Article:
Vietnam, the Bahamas, Egypt, Suriname, and other small island sovereigns are among the most exposed to the global rise in sea levels, Moody's says in a report, citing a range of studies.
Economic and social repercussions of lost income, damage to assets, loss of life, health issues, and forced migration from sudden events related to rising sea levels are immediate.
"Vulnerability to extreme events related to sea level rise can also undermine investment and heighten susceptibility to event risk, by hindering the ability of governments to borrow to rebuild, increasing financial risks, raising external pressures, and/or amplifying political risk as populations come under stress and institutional capacities are tested," Moody's says.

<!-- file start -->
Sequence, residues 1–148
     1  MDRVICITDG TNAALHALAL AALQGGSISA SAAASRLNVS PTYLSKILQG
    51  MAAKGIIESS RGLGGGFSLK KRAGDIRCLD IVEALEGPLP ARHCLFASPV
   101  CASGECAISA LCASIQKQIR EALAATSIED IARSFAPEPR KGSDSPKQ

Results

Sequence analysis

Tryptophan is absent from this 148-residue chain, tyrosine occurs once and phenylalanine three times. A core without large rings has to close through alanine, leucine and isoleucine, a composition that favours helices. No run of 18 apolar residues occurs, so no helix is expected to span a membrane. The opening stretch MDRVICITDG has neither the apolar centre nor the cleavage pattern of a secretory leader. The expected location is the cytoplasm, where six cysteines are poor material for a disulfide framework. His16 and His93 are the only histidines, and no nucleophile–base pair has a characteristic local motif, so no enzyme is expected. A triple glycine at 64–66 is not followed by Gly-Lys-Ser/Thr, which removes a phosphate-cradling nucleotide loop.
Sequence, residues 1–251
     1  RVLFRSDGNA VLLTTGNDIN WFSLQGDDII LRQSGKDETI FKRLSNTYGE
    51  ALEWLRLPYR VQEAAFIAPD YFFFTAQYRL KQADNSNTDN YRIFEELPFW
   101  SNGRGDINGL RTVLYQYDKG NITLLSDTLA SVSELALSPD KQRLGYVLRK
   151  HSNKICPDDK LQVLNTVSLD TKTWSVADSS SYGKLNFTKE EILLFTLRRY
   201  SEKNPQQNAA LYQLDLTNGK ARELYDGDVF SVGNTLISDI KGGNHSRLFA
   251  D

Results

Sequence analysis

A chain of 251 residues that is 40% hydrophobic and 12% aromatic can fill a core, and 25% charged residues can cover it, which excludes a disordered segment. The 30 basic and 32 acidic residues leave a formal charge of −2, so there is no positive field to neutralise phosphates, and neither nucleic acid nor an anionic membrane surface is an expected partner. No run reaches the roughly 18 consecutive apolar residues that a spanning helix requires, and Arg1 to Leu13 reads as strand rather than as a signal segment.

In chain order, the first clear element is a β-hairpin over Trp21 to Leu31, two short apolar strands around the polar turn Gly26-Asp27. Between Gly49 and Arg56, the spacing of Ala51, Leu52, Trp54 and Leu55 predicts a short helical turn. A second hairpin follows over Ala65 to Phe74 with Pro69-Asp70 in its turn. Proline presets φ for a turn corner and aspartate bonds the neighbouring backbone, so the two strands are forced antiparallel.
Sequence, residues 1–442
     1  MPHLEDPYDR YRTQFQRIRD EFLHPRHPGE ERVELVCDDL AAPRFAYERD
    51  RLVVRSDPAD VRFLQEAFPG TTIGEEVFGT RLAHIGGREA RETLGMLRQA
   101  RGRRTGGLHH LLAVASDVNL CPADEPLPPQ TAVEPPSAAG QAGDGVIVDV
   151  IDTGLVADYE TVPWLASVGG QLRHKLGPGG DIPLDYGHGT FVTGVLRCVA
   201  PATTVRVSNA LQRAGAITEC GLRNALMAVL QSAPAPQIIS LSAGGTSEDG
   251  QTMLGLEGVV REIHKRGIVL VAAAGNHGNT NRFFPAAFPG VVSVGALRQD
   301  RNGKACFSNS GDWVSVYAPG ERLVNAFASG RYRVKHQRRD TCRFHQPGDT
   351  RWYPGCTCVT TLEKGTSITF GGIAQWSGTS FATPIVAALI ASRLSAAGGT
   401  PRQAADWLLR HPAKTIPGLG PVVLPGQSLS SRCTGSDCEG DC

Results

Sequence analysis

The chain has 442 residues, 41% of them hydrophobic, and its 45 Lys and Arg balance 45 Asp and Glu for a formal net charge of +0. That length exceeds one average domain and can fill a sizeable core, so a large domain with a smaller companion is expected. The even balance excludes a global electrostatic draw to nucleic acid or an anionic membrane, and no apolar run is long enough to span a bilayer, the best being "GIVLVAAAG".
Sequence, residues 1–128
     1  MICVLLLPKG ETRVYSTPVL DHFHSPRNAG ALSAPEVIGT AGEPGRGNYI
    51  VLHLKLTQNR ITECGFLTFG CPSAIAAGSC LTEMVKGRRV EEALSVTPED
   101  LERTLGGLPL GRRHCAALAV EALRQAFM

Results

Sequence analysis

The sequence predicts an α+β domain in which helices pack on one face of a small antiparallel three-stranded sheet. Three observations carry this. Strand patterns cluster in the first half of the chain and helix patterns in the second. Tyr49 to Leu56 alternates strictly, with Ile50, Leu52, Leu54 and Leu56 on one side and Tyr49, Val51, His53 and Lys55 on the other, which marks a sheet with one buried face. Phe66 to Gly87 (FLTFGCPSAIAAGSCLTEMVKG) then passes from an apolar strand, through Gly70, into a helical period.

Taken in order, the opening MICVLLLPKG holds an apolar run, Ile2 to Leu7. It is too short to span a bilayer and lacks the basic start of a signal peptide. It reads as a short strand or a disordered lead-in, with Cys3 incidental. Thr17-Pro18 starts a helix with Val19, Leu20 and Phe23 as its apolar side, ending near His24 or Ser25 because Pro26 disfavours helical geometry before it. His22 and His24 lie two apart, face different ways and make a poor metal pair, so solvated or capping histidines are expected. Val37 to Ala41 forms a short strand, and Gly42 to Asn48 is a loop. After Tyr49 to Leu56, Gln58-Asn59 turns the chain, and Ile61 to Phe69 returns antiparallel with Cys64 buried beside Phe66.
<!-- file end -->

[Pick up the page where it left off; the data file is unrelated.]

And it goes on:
While some high-income economies, such as Japan and the Netherlands, are also exposed, many of them have countermeasures in place, and their credit strength makes them less likely to suffer a material credit impact.
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